I mentioned last week the filing of the petitioners' briefs in Halo and Stryker, the cases presenting to the U.S. Supreme Court the issue of the appropriate standard for awarding enhanced damages in patent cases. I'm aware of two amicus briefs that have been filed thus far, one by Public Knowledge, The Electronic Frontier Foundation, and Engine Advocacy in support of neither party (available here), and one by Intellectual Property Professors (also in support of neither party, and available here). I'll probably blog sometime soon with my thoughts on the petitioners' briefs and these two amicus briefs, but for now I'll just note the following passages from the amicus briefs' respective summaries of arguments, which provide a flavor of their very different perspectives on the issues. First, from the brief filed by Public Knowledge et al.:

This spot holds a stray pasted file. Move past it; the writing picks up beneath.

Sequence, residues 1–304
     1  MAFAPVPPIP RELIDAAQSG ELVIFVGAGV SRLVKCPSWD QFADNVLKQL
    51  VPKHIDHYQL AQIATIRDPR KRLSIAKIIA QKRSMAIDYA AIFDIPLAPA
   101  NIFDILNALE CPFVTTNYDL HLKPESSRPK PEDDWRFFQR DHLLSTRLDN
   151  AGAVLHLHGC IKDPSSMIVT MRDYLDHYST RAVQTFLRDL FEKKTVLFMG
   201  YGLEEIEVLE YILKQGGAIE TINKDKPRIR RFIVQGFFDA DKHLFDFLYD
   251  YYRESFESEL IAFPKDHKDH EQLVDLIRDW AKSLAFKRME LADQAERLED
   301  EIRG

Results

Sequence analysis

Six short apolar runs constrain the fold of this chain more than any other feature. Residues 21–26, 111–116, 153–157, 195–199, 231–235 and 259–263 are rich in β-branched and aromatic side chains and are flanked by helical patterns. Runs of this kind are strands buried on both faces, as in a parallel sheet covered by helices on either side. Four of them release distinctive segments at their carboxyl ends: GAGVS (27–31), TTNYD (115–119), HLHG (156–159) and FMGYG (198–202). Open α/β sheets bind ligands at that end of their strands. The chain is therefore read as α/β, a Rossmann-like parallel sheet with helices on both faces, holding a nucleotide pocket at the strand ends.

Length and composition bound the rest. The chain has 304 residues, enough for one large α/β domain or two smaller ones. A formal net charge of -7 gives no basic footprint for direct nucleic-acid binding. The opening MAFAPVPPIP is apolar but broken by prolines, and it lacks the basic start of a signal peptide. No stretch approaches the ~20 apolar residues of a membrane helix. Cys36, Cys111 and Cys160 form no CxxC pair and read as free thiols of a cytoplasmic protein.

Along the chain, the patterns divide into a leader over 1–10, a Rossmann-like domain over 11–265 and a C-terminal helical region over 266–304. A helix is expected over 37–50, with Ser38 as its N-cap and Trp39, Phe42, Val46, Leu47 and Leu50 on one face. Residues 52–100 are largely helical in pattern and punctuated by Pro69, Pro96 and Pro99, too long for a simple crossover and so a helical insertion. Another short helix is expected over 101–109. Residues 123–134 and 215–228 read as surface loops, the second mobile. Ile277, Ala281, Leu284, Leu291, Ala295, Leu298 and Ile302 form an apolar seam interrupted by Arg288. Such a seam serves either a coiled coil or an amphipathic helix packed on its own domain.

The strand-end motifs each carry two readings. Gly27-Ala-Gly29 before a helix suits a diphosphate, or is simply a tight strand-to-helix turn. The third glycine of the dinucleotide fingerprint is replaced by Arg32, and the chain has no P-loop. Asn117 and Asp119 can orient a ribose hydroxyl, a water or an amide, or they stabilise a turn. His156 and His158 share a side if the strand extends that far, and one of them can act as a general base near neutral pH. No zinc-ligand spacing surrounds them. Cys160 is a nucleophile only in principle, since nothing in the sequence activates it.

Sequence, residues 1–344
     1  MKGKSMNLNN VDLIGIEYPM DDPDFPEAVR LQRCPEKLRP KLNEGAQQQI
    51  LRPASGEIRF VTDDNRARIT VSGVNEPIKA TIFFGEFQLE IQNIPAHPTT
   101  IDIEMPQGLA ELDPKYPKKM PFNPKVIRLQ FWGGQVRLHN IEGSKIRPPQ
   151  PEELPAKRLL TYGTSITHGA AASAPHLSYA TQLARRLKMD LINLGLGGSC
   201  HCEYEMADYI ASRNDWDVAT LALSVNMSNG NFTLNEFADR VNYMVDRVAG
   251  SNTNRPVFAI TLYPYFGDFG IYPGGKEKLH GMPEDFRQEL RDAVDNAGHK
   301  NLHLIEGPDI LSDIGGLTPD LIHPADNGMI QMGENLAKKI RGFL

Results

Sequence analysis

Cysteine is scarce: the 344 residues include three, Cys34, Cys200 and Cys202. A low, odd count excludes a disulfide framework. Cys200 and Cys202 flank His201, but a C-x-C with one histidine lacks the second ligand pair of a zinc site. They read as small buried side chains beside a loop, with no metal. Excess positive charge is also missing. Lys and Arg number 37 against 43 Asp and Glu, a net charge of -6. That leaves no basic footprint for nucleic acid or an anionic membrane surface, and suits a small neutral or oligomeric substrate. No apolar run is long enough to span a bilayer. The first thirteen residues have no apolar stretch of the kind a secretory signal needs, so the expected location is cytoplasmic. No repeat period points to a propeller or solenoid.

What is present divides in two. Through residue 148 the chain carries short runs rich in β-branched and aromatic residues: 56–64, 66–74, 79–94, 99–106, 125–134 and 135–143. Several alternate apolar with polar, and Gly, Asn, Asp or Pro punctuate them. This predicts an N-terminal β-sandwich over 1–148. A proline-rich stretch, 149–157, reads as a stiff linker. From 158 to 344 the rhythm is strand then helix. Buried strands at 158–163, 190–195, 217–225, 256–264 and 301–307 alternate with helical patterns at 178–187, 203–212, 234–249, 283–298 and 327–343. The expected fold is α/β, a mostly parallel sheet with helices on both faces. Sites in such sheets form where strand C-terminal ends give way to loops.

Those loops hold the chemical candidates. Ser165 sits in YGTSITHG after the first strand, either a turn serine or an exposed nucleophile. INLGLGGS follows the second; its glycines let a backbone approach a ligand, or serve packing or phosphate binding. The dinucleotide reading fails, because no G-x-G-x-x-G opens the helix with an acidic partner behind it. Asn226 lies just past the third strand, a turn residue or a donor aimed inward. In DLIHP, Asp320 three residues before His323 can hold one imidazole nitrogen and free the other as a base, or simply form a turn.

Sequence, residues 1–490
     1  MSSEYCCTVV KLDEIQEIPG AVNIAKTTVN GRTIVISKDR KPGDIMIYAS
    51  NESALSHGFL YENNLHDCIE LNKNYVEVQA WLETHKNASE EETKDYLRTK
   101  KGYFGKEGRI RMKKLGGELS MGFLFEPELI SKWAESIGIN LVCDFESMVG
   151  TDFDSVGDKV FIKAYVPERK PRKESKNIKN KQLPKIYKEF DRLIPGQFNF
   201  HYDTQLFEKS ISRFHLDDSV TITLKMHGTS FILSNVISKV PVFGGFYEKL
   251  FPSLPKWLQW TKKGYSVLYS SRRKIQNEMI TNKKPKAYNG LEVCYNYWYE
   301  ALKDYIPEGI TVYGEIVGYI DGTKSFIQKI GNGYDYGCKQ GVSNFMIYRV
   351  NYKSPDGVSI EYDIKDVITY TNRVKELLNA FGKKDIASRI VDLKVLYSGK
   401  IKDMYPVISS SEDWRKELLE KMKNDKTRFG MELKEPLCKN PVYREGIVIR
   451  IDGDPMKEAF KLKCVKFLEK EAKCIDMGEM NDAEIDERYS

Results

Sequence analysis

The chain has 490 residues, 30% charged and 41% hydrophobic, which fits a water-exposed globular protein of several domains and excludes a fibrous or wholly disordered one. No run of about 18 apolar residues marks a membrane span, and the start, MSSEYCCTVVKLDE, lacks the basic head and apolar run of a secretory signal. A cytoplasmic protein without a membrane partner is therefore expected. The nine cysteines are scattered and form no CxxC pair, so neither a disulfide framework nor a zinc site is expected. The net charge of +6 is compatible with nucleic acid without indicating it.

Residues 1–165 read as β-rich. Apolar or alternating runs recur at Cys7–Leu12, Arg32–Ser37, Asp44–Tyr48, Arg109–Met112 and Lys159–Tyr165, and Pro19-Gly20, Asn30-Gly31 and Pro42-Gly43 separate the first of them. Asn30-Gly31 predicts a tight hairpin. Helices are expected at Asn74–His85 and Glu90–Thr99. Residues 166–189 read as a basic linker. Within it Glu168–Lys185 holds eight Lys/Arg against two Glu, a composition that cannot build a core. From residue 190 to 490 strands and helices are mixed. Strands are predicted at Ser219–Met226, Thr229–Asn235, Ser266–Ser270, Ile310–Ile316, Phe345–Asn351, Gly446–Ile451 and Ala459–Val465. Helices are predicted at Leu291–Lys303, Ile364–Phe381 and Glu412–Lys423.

Amici do not take a position on the correct interpretation of § 284, but do believe that any proper construction should limit enhanced damages in at least the following three ways: district court discretion should not be left unbounded, subjective bad faith should be required, and a reasonable belief in invalidity should avoid a finding of bad faith.
Second, from the brief filed by the IP Professors:
In lieu of the Federal Circuit’s inflexible approach, this Court should hold that district courts should determine willfulness—and thus eligibility for increased damages—by requiring the patentee to demonstrate that the infringer at least recklessly violated the patentee’s rights under a totality of the circumstances. In addition, because willfulness is a fact-intensive determination best suited for resolution by the trial court, this decision should be reviewed for abuse of discretion on appeal.
If anyone is willing to share with me any other amicus briefs that have been or will be filed in these cases, I would appreciate it!